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SFFA v. Harvard: A New Era for Affirmative Action

October 16, 2018 Phil Ma 0

Background Students for Fair Admissions (SFFA) sued Harvard University in November of 2014 alleging discriminatory admission standards. SFFA, representing a coalition of Chinese-, Indian-, Korean-, and Pakistani-American organizations across the U.S., contests Harvard’s claim that their holistic admissions process weights race fairly and argues.1  The coalition claims Harvard’s admissions process violates the Equal Protection Clause of the Fourteenth Amendment. SFFA claims that legacy and athlete admissions cannot explain the disparity in admission gaps using statistical analyses of Harvard’s admissions data conducted by Peter Arcidiacono, a labor economist and professor at Duke University. Using the same data, David Card, professor of economics at University of California, Berkeley, reached very different conclusions than Arcidiacono’s. Card’s study has been endorsed by former Federal Reserve Chair Janet Yellen. Edward Blum is a supporter of SFFA.2  Blum was responsible for Fisher v. University of Texas and Shelby County v. Holder, the former as a failed […]

US Law

Who is Actually Served and Protected? An Overview of Nuisance Property Ordinances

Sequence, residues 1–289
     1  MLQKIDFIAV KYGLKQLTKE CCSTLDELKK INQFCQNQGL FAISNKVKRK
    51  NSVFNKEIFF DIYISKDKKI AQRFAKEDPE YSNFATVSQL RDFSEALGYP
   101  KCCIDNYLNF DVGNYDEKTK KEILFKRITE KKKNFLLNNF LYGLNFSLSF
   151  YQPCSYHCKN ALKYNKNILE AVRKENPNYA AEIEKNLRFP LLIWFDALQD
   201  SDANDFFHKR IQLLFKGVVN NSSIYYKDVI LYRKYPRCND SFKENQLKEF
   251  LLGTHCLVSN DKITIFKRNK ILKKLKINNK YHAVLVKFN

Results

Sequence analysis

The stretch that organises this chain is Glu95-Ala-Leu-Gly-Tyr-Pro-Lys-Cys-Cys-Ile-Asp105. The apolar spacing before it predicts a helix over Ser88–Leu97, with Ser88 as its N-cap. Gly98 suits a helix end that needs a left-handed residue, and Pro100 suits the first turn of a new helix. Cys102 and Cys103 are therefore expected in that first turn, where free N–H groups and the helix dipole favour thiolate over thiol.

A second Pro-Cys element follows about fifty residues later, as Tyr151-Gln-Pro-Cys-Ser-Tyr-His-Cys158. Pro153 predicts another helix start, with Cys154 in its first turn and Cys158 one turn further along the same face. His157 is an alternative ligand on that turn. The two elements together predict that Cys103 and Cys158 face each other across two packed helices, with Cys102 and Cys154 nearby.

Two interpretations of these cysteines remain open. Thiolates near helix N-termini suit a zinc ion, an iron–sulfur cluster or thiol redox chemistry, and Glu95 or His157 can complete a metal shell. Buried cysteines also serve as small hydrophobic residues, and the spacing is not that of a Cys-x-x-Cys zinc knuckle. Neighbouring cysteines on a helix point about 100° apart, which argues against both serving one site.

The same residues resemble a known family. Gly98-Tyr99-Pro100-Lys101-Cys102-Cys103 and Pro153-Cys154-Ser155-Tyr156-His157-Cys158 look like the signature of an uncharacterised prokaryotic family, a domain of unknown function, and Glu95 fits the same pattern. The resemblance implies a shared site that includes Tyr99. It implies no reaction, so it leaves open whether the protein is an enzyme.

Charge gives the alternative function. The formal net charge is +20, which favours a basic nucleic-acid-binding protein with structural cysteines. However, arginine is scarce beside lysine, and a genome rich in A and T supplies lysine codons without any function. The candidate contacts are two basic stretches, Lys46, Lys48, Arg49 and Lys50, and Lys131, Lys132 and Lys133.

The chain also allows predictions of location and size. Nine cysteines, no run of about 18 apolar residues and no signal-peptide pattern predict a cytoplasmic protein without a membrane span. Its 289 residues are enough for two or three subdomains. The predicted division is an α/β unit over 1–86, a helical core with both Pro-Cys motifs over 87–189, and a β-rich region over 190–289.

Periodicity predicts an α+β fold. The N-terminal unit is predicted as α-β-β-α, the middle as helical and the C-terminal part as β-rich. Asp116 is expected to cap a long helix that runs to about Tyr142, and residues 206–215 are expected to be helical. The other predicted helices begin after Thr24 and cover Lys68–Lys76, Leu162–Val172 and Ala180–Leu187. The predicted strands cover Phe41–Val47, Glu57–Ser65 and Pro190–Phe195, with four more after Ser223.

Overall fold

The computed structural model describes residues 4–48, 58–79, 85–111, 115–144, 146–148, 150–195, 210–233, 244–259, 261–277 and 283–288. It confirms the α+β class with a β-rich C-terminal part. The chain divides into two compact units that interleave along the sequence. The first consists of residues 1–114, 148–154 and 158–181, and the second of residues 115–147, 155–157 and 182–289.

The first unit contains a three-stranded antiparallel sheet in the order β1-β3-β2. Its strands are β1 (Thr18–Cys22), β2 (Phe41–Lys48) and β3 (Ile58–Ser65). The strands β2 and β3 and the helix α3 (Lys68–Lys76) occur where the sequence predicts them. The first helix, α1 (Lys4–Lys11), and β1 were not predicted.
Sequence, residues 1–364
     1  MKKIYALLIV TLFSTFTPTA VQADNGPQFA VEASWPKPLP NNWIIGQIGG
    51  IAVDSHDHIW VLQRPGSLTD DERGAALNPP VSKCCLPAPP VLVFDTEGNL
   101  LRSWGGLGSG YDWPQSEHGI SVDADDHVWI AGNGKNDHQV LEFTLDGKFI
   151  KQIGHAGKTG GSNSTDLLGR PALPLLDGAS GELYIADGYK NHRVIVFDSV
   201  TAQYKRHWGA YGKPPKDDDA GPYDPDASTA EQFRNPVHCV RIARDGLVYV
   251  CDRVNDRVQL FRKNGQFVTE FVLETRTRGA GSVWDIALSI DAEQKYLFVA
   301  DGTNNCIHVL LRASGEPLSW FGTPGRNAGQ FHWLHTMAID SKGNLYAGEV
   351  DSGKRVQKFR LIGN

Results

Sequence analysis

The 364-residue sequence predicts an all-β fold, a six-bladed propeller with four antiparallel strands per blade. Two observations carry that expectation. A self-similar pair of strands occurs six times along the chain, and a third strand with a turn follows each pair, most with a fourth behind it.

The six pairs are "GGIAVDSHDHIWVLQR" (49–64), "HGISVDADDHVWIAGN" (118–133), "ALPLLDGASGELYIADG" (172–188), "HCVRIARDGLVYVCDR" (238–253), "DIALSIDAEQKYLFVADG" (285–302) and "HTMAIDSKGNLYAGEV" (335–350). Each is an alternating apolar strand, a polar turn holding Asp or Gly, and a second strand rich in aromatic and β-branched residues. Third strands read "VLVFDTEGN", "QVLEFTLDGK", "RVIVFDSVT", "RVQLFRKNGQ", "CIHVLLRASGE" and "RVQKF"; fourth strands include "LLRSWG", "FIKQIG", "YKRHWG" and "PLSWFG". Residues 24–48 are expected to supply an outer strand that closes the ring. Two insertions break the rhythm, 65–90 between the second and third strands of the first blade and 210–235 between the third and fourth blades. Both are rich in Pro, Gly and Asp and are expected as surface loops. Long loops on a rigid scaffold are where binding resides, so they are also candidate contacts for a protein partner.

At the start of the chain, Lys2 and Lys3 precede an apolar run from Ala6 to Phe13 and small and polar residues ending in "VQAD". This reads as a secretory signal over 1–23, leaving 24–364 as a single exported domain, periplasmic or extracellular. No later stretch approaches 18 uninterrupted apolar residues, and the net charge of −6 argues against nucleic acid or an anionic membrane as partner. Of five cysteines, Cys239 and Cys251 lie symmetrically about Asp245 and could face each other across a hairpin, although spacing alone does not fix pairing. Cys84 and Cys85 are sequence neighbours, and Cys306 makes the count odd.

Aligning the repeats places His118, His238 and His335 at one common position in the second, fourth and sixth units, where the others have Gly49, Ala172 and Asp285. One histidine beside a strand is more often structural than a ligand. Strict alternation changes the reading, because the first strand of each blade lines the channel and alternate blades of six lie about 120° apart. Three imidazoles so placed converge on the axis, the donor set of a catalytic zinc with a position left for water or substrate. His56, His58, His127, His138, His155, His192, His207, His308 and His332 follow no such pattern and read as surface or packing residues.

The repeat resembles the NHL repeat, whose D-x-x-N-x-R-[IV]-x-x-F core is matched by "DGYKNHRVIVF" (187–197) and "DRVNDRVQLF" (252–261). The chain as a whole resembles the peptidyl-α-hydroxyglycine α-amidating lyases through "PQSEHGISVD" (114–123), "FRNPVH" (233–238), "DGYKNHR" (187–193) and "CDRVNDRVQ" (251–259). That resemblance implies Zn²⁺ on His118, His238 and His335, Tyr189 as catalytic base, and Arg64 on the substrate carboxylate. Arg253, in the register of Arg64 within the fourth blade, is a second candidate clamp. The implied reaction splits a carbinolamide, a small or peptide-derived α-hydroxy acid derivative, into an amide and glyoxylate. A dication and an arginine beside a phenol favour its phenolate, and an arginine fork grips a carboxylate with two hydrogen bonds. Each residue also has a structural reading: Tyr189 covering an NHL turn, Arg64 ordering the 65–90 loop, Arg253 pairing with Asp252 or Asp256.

October 15, 2018 Isadora Toledo 0

Summary: Despite being designed to limit public harm that occurs on properties, nuisance property ordinances perpetuate systemic housing barriers faced by domestic violence victims. Today more than ever, the duty of police to “serve and protect” has come under public scrutiny. The law, however, should not be exempt from the same criticism – especially as it applies to housing. Often overlooked, laws concerning housing and property can be just as potent in criminalizing marginalized groups. This is especially true of nuisance ordinances, the latest development in a series of laws aimed at “hold[ing] property owners liable for criminal activity on the premises.” Also called disorderly house ordinances or crime-free ordinances, nuisance ordinances were originally intended to dissuade tenants from unnecessarily using police resources. Police members also consider nuisance ordinances a way to “maintain the quality of life in a community” and “provide incentives for preventing criminal activity.” From a landlord […]